Tenue de soirée [Evening Dress, aka Ménage] (1986)
Bertrand Blier loves to shock us. He knows we’ve been taught to suppress our desires, to stifle our impulses, to always play by the rules. Society tells us that theft, prostitution, incest, and murder are wrong, but for Blier they’re all just part of life. In his world there are no rules, only lines to be crossed.
Tenue de soirée is all about crossing lines. The first scene takes place in a crowded dance hall. A shabbily dressed married couple are seated at a table. The wife is complaining bitterly about their poverty. The husband meekly responds by telling her she’s beautiful and that he loves her, which only infuriates the wife further. And then a heavyset man who’s overheard the conversation walks up and slaps the wife across the face, knocking her to the floor.
The husband and wife are Antoine and Monique. The heavyset man is Bob, a thief. He invites them to join him in a life of crime. Within the movie’s first fifteen minutes Antoine and Monique have broken into two houses, stolen money and clothes, and seen their trailer home explode in flames. Now that they’ve met Bob, their lives will never be the same.
Monique falls into this new life happily, but Antoine is a bundle of nerves. Not only is he constantly afraid that their crimes will lead to jail or worse, he’s totally confused by the amount of attention he’s getting from Bob. The happy-go-lucky thief flirts with his nervous friend, but denies he’s queer. Then he flirts some more, and now he acknowledges that yeah, maybe he does like having sex with guys. Before long Bob is proclaiming that he loves Antoine passionately. Antoine is completely freaked out.
You could almost say that Bob is Blier, and Antoine is standing in for us, the audience. Bob is completely unpredictable, taking every situation and turning it on its head, never allowing Antoine to get comfortable. In the same way, the writer/director keeps throwing us one curve after another, always keeping us off balance. Bob tells Antoine he loves him, and genuinely seems to mean it, but minutes later he’s selling Antoine to an old friend for a stack of crisp bank notes. Bob makes a home for Antoine and Monique, building a life of quiet domesticity, and then goes about deliberately tearing the whole thing to shreds. Each time we think something’s been resolved, there’s a new twist and the film goes off in a different direction. It may seem like chaos to us, but to Blier, it’s just life.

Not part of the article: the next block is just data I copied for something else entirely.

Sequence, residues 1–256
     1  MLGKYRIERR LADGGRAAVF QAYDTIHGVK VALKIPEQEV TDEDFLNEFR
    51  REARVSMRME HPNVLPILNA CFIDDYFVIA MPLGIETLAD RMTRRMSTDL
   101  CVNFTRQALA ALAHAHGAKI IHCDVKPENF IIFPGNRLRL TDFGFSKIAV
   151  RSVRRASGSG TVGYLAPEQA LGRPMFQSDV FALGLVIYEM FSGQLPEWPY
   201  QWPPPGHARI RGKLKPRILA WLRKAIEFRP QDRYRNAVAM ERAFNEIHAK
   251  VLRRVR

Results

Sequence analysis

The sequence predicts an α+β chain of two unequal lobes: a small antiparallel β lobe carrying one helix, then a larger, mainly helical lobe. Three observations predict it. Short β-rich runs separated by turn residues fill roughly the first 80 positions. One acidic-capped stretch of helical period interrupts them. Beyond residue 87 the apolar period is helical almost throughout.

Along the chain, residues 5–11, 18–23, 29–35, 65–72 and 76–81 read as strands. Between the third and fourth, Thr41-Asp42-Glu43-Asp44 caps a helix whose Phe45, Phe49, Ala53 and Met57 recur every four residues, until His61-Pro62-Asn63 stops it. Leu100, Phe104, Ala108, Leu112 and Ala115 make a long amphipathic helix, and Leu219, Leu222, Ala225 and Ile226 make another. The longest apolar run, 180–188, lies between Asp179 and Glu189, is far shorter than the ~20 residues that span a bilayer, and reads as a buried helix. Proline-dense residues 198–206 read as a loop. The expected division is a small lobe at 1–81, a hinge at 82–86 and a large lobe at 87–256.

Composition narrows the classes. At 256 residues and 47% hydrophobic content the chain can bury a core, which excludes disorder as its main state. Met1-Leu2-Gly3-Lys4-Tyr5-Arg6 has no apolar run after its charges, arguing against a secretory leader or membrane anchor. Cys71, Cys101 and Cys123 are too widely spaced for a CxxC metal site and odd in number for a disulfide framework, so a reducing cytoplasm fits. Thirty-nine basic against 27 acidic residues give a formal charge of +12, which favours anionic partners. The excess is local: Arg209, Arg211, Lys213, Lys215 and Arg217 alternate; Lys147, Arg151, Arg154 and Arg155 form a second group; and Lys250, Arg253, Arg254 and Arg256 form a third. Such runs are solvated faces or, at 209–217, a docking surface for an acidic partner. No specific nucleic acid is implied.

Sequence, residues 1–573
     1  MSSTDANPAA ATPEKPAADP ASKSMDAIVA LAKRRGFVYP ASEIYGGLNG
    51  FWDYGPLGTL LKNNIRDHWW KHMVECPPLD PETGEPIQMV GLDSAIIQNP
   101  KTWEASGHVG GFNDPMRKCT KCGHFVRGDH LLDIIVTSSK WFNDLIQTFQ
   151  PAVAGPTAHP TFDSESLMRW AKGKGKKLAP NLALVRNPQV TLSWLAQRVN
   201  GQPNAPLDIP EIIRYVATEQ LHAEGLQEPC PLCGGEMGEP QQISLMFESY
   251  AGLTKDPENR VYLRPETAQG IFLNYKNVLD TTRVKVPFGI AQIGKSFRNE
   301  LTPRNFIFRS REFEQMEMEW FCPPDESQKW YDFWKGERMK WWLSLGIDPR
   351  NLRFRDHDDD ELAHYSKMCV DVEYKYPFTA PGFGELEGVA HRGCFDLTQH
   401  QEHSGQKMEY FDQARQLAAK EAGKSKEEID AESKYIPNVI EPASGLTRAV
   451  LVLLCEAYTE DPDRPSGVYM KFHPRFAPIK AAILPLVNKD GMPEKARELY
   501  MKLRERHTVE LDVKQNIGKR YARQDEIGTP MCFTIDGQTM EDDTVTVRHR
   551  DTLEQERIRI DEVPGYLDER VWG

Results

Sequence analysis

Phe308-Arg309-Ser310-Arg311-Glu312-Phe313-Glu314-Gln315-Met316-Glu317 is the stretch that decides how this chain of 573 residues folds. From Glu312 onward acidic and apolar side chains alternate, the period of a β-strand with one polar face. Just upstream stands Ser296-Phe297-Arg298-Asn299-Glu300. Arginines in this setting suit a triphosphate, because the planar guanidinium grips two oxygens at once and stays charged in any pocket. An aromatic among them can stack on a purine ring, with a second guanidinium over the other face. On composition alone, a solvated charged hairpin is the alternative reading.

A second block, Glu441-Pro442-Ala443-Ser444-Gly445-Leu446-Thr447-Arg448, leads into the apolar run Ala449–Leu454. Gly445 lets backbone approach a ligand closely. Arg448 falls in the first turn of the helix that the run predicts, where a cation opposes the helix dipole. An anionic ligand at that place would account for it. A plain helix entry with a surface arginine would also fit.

Blier’s stories are all about ripping up the stories we cherish most. They don’t have the structure or the symmetry that we’re comfortable with. Tenue de soirée is an especially aggressive assault on all the things that most of us hold dear. Blier doesn’t even let us settle into a comfortable rhythm. No sooner does one outrageous episode end, than he hits us with another unforeseen crisis. Is this endless parade of insane adventures believable? Of course not. Or maybe I should say, it’s not believable in the usual sense of the word. Tenue de soirée is certainly not realistic, but I don’t think Blier cares about realism.
Blier is interested in people, and the people in his movies are completely believable. They’re just as petty, foolish, greedy, and insecure as the rest of us. But Blier loves his characters, in spite of their faults, and that’s why we still care about them even when we see them at their worst. The director wants to push them to the limit to see what they’re made of. Often, they fail the test. But that doesn’t matter. Their failure just means they’re human.
The film is breathtakingly energetic and funny, in large part because it has an amazing trio of actors at its center. Gérard Depardieu, Michel Blanc, and Miou-Miou are all startlingly alive, and their performances are so compelling that we don’t stop to think about how improbable their adventures are. Blier has his characters run a dizzying gamut of emotions, and the actors always seem to find the right tone. They always make it ring true.
In the end Bob finally pushes everything too far, and instead of whining and moaning, Antoine picks up a gun. He’s had enough. He chases Bob into the streets and hijacks a car, forcing Bob to drive at gunpoint. Antoine has suffered too many humiliations, and it seems he’s finally reached his limit. He can’t go on with this life any longer.
But of course he does. They all do. In Bertrand Blier’s films there are no endings. Somehow life just goes on.